Thus unfolded the 'Night of Terror' on Nov. 15, 1917, when the warden at the Occoquan Workhouse in Virginia ordered his guards to teach a lesson to the suffragists imprisoned there because they dared to picket Woodrow Wilson's White House for the right to vote.

For weeks, the women's only water came from an open pail. Their food--all of it colorless slop--was infested with worms. When one of the leaders, Alice Paul, embarked on a hunger strike, they tied her to a chair, forced a tube down her throat and poured liquid into her until she vomited. She was tortured like this for weeks until word was smuggled out to the press.

So, refresh my memory. Some women won't vote this year because--why, exactly? We have carpool duties? We have to get to work? Our vote doesn't matter? It's raining?

Last week, I went to a sparsely attended screening of HBO's new movie 'Iron Jawed Angels.' It is a graphic depiction of the battle these women waged so that I could pull the curtain at the polling booth and have my say. I am ashamed to say I needed the reminder.

All these years later, voter registration is still my passion. But the actual act of voting had become less personal for me, more rote. Frankly, voting often felt more like an obligation than a privilege. Sometimes it was inconvenient.

My friend Wendy, who is my age and studied women's history, saw the HBO movie, too. When she stopped by my desk to talk about it, she looked angry. She was--with herself. 'One thought kept coming back to me as I watched that movie,' she said. 'What would those women think of the way I use--or don't use--my right to vote? All of us take it for granted now, not just younger women, but those of us who did seek to learn.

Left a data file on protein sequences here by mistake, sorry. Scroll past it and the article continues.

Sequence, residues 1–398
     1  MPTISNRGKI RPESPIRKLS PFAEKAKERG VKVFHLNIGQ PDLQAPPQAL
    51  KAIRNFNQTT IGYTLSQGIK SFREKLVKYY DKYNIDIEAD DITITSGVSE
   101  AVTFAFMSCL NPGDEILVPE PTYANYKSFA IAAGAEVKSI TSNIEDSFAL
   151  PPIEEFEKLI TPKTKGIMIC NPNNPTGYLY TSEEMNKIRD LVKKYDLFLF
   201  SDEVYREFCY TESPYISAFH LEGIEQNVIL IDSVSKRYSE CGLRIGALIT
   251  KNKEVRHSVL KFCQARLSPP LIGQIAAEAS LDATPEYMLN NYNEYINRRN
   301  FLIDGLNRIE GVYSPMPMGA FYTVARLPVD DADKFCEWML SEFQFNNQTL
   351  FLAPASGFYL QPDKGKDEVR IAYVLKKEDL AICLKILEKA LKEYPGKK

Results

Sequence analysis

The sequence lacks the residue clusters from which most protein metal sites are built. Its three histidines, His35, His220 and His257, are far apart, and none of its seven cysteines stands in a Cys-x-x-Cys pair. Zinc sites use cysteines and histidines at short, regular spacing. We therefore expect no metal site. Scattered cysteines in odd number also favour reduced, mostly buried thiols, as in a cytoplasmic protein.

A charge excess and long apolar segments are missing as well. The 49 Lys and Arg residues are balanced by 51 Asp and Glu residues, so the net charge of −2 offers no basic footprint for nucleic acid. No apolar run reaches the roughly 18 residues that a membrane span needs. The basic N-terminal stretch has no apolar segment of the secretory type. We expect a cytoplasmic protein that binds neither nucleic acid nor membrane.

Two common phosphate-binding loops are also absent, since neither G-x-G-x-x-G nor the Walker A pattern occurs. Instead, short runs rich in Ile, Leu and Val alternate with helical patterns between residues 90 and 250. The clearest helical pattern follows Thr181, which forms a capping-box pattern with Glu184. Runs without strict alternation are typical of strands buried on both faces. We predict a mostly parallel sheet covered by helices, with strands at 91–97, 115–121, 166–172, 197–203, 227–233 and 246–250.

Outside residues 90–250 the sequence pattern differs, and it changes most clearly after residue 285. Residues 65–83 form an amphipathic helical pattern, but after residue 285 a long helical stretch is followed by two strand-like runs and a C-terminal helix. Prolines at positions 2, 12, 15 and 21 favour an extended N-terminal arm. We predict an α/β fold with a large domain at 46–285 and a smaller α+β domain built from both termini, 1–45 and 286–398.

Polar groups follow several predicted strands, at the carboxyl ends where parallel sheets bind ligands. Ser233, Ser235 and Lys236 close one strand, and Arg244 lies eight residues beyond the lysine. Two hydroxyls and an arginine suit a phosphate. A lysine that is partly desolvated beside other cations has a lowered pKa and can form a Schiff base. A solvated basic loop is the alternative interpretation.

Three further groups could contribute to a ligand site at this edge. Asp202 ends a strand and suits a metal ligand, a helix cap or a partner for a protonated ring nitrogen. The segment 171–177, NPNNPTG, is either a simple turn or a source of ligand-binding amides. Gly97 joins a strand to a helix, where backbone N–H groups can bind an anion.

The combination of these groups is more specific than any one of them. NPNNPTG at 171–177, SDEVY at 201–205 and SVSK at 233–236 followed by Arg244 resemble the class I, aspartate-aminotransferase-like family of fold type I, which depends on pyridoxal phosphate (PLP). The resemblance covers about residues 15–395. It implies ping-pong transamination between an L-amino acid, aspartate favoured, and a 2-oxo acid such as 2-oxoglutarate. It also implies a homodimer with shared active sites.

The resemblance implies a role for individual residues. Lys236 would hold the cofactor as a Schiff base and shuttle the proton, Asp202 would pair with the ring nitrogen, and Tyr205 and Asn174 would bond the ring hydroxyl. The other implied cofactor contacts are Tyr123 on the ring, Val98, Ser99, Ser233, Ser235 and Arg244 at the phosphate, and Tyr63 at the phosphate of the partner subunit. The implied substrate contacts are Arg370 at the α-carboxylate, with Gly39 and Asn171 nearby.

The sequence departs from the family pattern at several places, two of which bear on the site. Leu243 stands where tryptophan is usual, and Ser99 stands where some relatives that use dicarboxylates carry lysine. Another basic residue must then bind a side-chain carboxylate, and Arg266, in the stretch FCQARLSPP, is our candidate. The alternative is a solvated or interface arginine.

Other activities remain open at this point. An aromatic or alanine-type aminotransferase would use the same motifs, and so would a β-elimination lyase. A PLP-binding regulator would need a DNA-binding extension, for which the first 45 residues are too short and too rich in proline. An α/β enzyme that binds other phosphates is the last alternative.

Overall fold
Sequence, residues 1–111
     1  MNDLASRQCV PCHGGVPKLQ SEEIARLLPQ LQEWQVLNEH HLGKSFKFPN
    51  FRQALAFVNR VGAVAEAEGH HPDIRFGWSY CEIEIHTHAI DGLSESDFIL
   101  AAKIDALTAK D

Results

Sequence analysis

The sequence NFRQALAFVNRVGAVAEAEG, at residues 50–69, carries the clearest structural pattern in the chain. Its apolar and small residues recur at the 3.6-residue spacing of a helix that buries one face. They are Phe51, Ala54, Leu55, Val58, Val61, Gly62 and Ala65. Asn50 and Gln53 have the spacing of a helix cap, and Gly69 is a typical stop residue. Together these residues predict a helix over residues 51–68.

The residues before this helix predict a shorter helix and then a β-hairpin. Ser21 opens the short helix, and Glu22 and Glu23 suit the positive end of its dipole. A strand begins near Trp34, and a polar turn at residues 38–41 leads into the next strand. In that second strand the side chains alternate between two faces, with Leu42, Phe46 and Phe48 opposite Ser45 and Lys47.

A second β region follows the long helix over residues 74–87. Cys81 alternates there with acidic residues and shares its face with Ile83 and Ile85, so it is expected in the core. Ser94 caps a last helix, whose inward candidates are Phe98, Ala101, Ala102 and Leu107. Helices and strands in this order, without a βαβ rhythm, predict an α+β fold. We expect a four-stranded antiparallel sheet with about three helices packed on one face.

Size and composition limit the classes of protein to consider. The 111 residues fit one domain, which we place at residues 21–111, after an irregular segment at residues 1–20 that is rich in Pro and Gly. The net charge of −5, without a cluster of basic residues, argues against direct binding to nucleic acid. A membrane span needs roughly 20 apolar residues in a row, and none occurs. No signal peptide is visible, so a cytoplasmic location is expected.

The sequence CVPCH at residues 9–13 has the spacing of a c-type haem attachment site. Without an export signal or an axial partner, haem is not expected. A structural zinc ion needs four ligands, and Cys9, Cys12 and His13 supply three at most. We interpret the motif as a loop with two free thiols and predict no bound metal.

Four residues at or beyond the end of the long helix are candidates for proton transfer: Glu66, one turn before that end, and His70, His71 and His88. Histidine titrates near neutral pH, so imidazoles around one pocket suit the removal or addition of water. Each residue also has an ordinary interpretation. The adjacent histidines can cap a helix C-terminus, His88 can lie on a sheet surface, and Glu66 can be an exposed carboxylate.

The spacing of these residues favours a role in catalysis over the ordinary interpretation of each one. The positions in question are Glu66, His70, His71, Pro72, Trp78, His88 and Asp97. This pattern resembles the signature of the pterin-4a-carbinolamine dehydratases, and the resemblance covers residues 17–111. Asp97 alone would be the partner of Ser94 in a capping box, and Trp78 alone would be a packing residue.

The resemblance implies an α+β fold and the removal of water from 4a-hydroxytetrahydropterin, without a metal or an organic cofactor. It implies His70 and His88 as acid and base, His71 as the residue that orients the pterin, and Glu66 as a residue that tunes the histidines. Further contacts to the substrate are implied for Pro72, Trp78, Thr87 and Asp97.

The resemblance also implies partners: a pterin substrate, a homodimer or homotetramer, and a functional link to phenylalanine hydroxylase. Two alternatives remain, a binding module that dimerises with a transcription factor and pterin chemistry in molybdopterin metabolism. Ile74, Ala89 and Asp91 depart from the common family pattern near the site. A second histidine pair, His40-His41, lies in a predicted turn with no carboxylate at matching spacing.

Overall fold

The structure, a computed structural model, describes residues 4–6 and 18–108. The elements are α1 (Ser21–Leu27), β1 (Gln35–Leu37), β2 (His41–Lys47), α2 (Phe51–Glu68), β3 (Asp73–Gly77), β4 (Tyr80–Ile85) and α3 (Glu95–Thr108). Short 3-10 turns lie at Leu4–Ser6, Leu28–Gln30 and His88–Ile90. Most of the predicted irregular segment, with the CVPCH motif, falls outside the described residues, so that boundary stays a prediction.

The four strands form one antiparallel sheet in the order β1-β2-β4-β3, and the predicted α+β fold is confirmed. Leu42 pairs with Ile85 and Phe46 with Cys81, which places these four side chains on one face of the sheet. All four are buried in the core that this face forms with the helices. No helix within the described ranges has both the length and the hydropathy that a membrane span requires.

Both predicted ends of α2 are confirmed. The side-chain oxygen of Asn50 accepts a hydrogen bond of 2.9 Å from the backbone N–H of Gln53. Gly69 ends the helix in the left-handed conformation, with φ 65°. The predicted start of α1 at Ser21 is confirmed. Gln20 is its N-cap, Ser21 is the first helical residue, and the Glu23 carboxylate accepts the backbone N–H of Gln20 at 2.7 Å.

The right to vote, she said, had become valuable to her 'all over again.'

HBO released the movie on video and DVD. I wish all history; social studies and government teachers would include the movie in their curriculum. I want it shown on Bunco night, too, and anywhere else women gather. I realize this isn't our usual idea of socializing, but we are not voting in the numbers that we should be, and I think a little shock therapy is in order.

It is jarring to watch Woodrow Wilson and his cronies try to persuade a psychiatrist to declare Alice Paul insane so that she could be permanently institutionalized. And it is inspiring to watch the doctor refuse. Alice Paul was strong, he said, and brave. That didn't make her crazy.

The doctor admonished the men: 'Courage in women is often mistaken for insanity.'


We need to get out and vote and use this right that was fought so hard for by these very courageous women. Whether you vote democratic, republican or independent party--remember to vote. History is being made.

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doretha said...

Speaking of women and qualitiy, did you anyone see the women on stage last night during the first night of the Democratic National convention? Caroline Kennedy did a wonderful job and what about Michelle Obama? I was impressed with the introduction given by her brother who praised her for the accomplishments she made in HER OWN RIGHT, not as an attachment of her husband.

She did a great job of speaking. She was engaging and she focused mainly on her own story. We all know that she was there to support her husband, but it was nice to hear her story. She is very accomplished. She is an inspiration.

It was nice to hear that some of the anchors on CNN said that she will be a first lady like no other. They were discussing what she actually said and how she said it instead of what she was wearing!